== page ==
I drove a Tesla (TSLA) Model X the other day and it exceeded my expectations in ways that I had never anticipated. They changed the driving experience. Let me say that again: They changed the driving experience.
Sitting in the driver’s seat made me feel like a kid again, and I’ve been driving for more than 25 years. The car is 100% electric, and it’s always on. There are no keys to turn for ignition or unlocking. Like magic, you simply step in, select a gear and go. And that’s where it begins. The entire driving experience is different and the car is just unbelievably fast.
Tesla is living proof of the power of total integrated marketing
Every aspect of the Tesla brand has been shaped by a vision to radically alter the driving experience, and that vision has been realized to a remarkable degree. They aren’t just talking about doing it; they’ve meticulously aligned their product, marketing, communications and customer service to not only take on the automotive industry, but to affect a paradigm shift of what is possible in a category that has never before achieved widespread adoption. That’s radical and something that all of us in business can learn from.
Marketing can’t help you stand out if you don’t stand apart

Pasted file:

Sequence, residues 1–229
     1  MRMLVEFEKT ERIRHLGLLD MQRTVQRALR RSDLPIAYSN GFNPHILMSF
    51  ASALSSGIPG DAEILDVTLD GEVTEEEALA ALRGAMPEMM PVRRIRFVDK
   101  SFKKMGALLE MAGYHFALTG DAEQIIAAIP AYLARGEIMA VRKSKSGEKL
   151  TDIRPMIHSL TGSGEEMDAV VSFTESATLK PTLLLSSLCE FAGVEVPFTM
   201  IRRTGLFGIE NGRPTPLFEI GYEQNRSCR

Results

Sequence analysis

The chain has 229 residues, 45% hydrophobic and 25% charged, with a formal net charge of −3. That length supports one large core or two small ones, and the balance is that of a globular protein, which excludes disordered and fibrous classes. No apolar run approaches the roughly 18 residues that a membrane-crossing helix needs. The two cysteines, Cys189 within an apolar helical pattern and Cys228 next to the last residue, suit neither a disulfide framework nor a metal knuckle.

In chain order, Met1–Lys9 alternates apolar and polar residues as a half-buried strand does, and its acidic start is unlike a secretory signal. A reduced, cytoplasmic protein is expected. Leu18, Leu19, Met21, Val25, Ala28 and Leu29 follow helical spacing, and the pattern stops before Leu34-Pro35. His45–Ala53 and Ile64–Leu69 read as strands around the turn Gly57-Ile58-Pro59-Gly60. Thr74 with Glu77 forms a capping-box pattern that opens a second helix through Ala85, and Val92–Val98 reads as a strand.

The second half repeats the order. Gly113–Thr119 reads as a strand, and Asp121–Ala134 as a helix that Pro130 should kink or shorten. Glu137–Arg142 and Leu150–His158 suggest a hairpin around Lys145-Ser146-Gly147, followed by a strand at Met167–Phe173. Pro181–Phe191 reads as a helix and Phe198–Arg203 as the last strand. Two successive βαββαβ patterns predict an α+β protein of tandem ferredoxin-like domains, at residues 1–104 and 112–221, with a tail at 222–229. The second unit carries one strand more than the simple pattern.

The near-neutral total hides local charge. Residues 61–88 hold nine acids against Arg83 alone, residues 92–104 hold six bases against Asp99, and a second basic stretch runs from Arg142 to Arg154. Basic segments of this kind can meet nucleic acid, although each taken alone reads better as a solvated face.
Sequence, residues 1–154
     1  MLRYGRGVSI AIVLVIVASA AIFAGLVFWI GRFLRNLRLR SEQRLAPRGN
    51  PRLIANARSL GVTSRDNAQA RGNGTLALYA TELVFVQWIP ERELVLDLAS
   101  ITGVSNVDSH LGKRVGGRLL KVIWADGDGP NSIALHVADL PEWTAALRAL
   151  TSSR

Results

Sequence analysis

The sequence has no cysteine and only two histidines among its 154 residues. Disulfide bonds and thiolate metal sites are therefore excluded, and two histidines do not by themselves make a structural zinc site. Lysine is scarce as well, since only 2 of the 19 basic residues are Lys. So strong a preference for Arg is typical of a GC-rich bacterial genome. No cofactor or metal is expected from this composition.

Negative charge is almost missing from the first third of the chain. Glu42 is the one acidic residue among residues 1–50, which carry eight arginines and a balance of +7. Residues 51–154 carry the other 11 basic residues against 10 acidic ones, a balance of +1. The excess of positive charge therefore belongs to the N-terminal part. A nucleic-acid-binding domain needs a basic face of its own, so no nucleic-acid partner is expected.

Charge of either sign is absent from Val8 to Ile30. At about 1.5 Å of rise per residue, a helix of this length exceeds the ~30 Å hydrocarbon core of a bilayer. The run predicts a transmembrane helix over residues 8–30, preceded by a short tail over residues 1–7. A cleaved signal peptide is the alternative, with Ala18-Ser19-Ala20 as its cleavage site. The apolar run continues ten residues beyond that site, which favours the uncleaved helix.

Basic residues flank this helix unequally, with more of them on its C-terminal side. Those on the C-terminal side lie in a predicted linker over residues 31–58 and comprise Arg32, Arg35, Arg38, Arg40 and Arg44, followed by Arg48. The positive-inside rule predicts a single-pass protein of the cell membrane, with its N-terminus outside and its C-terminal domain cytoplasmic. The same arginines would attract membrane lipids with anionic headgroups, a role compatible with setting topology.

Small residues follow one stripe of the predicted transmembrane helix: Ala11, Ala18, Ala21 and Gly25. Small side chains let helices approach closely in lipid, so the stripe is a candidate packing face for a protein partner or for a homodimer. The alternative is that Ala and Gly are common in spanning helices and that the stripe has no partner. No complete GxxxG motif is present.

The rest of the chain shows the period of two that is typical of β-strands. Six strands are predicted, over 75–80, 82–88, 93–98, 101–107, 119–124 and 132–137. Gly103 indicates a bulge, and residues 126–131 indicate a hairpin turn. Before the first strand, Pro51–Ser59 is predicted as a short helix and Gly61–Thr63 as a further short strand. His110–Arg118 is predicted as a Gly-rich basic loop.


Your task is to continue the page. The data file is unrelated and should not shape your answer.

A recent HBR article titled, “The Financial Industry Needs to Start Planning for the Next 50 Years, Not the Next 5” talks about the winners and losers in the race to shift the organizational culture from Industrial Age thinking to Information Age thinking. This is not about creating some sizzle ad campaign that gets people in the door to take their money; it’s about delivering a wealth management experience that is entirely different from what investors experience today. In the financial services industry, there’s a lot of discussion around attracting next-generation investors. But there lies a problem in trying to attract next-generation investors with past-generation client management and communications strategies.
Choose to innovate now and transform your firm
Over the next 50 years, there will be massive winners and massive losers in the financial space. Those that will be on the leading edge will be positioned as such from the investments in long-term growth that they are making today. The danger of overanalyzing every dollar for short-term ROI is in the failure to gain from the experience and learning process that comes with piloting systems and ideas. Playing catch-up to faster-pace competitors is not a strategy for success either.
Consider this exercise: Pick one innovation priority that you want to focus on over the next 12 months, and draft a one-sentence vision of how that will enhance the client experience.
Then I encourage you to answer the question: “What could I do in the next 90 days to achieve this vision?” Use your notes as a guide to help shape your thinking towards an innovation mindset.